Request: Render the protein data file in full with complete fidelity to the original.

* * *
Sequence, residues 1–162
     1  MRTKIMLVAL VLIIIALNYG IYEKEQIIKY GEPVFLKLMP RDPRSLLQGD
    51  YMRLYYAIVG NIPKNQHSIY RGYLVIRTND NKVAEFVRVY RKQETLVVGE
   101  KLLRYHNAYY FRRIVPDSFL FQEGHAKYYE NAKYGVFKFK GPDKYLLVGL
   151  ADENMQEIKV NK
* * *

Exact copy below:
Sequence, residues 1–162
     1  MRTKIMLVAL VLIIIALNYG IYEKEQIIKY GEPVFLKLMP RDPRSLLQGD
    51  YMRLYYAIVG NIPKNQHSIY RGYLVIRTND NKVAEFVRVY RKQETLVVGE
   101  KLLRYHNAYY FRRIVPDSFL FQEGHAKYYE NAKYGVFKFK GPDKYLLVGL
   151  ADENMQEIKV NK